**1/2 Mephisto Odyssey THE DEEP RED CONNECTION (Warner Bros.)

The toast of San Francisco's dance underground, Mephisto Odyssey are at their best when they stick to what they know -- dance music. "Some Kinda Freak," "Sexy Dancer," and "Red Drums" are all elegant, refined boogie tracks, suggesting that music on the techno-house cusp can be forever expanded without much more than a campy sample or a risky refrain.

Unfortunately, Mephisto Odyssey enlisted the help of so many guests for their major-label debut that the music wound up losing its identity along the way (indeed, none of the four Mephistos is mentioned by name in any of the press material). These guests are parasites, bending everything to their own styles -- we get anonymous hip-hop from Oakland rapper Bigg Sauce, lethargic atmospheric pop from Gus Gus's Hafdis Huld, ragga jump-up getdown from MC Jamalski, Korny techno-thrash from Wayne Static of Static X, dreamy vagueness from Tarnation's Paula Frazer. Most of these detours sound decent, but they give the impression that straight-up dance music isn't good enough on its own. -- Kevin John


*** Kenny Roby MERCURY'S BLUES (Ricebox Records)

With his now-defunct No Depression outfit, Six String Drag, Kenny Roby mixed and matched musical styles from Southern gospel to British pop, insurgent country to Motown soul. On his first solo album, Roby picks up where Six String Drag left off. His Leon-Redbone-meets-Elvis-Costello voice is the perfect foil for his wry sense of humor, whether he's speaking as the jealous teenager in "Why Can't I Be You" or the boozing boyfriend in a teetotaling community in "In This Town." But Roby's wit and wisdom are never too clever or self-conscious. Consider the lover's plea from "In a Dress": "If I said I didn't care/Would you know that I was lying/Would you look me in the eye/Not even ask me why/If I said I didn't care." Every song on Mercury's Blues offers a different, compelling sound, from the New Orleans stomp of "In This Town" to the guitar crunch of the title track. And with only one track more than four minutes long, this release could teach a lot of pop songsmiths about brevity and storytelling. (You can order Mercury's Blues at www.riceboxrecords.com.) -- Nick A Zaino III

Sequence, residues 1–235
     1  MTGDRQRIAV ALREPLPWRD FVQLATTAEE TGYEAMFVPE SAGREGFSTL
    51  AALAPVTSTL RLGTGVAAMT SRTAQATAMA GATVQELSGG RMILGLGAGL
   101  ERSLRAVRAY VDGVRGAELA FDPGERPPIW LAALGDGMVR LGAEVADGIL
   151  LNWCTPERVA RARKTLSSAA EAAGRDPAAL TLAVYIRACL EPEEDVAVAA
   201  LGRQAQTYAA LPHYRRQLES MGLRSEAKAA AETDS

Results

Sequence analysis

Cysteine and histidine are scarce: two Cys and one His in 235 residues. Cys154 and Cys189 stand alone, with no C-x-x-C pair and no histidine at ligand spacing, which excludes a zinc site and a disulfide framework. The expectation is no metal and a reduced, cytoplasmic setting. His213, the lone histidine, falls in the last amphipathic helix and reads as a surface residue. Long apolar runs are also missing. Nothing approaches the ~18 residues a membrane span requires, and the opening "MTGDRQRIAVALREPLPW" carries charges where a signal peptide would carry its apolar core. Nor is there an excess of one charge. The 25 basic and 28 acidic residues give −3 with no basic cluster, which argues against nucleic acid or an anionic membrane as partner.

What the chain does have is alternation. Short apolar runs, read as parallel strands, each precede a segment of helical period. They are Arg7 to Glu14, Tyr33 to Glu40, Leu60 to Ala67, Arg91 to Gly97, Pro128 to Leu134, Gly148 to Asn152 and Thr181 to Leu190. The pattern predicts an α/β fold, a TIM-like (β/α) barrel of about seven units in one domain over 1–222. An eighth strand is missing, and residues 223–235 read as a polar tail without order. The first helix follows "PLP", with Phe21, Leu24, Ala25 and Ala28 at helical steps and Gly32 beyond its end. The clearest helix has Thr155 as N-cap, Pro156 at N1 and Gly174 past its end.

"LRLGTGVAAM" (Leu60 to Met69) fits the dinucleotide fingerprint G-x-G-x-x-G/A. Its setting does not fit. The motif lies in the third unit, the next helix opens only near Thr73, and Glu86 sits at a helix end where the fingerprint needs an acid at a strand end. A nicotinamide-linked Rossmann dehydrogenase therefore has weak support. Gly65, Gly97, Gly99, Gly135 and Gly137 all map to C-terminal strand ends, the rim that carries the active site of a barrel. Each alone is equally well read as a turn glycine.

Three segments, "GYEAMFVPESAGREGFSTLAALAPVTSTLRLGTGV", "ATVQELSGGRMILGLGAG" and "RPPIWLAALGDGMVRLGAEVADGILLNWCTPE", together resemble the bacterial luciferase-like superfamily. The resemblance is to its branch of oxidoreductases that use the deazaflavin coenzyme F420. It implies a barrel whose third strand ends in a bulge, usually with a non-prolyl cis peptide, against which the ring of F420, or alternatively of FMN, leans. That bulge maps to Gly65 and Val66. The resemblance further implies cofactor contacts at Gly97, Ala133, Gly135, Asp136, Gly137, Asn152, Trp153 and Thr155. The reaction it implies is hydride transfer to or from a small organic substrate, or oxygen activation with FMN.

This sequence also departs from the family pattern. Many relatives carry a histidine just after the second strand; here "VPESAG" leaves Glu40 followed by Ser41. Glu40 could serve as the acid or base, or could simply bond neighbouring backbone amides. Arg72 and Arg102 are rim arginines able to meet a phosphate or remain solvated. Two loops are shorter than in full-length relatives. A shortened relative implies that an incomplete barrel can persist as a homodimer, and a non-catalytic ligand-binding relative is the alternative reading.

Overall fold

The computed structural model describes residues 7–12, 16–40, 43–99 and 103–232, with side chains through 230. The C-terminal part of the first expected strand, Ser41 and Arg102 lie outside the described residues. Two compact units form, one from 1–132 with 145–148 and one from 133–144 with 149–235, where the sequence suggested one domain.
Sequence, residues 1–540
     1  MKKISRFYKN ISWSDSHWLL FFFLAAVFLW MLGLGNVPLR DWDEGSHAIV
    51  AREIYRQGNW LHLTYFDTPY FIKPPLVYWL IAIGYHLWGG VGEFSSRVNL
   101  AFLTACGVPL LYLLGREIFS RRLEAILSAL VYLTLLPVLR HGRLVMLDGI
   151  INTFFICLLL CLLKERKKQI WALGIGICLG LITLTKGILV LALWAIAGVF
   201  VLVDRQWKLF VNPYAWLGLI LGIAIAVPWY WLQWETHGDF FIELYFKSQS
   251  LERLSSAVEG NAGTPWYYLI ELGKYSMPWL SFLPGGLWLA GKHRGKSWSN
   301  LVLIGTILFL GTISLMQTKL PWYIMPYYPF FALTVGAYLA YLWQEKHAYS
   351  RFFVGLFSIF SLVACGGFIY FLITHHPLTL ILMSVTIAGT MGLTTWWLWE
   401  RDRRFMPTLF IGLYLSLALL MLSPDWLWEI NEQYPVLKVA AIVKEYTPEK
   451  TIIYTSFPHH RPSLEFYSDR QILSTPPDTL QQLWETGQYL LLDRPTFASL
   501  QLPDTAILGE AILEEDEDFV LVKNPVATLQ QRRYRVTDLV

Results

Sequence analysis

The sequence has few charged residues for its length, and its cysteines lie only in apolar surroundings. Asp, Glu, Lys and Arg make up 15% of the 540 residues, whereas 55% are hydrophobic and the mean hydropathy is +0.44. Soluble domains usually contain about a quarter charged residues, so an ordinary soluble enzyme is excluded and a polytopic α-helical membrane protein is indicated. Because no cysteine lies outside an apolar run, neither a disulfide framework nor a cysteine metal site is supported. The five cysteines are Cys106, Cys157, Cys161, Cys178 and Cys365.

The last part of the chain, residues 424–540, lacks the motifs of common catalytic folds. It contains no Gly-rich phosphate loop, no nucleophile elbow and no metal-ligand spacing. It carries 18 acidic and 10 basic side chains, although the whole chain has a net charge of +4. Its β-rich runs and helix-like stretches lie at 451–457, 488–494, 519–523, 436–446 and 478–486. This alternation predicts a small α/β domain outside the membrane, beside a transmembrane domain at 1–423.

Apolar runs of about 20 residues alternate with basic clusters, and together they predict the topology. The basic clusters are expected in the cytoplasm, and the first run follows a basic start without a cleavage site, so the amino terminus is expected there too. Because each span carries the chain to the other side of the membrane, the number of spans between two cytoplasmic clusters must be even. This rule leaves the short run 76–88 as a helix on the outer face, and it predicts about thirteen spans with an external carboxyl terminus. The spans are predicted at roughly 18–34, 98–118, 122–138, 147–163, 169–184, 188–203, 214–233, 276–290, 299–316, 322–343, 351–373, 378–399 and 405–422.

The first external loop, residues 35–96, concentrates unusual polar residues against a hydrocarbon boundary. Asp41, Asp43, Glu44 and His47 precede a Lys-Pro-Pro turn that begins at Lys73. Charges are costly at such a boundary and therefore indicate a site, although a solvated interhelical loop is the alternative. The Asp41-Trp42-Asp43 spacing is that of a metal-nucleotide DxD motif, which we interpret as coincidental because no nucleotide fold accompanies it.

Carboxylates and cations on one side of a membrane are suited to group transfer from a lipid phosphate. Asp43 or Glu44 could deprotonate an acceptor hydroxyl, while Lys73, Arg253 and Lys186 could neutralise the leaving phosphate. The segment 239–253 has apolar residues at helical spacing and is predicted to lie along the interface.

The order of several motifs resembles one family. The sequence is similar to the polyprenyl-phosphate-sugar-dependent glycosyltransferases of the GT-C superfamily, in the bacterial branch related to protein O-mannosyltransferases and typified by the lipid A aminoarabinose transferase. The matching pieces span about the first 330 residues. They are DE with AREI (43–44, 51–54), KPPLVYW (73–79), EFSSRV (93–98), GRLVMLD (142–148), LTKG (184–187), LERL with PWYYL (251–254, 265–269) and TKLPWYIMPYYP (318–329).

*** Nava s/t (Ryko Latino)

Since the early '80s, Rodolfo Barrera (a/k/a Nava) has been writing hits for Latin singers ranging from José Feliciano to La India and Elvis Crespo. On his first full-length release, this Puerto Rican original breaks Latin pop molds to deliver a set of eclectic textures, moods, and melodies. Like a number of Brazil's more popular seasoned pop artists (Caetano Veloso, for example), Barrera has contemplated funk, rock, and jazz in addition to his native pan-Latin styles. He uses instruments, melodies, traditional rhythms, and electronics as compositional elements without displaying any particular loyalty to existing conventions.

"La vaquita" ("The Little Cow") is a lyrical Tex-Mex ballad, with trombone and accordion the most prominent instruments. "Así na' má" ("Just like That") offers a smart take on American lounge funk but with techno overtones and, again, that trombone. "El Paraíso" ("Paradise") builds to a dense, frenetic climax; "Hey You" marries salsa's piano montuna with house ambiance. Barrera's silken, whispery voice is best suited to low-key material like the sensual samba of "Mujer boricua" ("Puerto Rican Woman") and the solo guitar ballad "Vuélvelo a intentar" ("Give Yourself Another Chance"). But his range and sophistication are a refreshing reminder that there's more going on in the Latin world than unbridled tropical boogie. -- Banning Eyre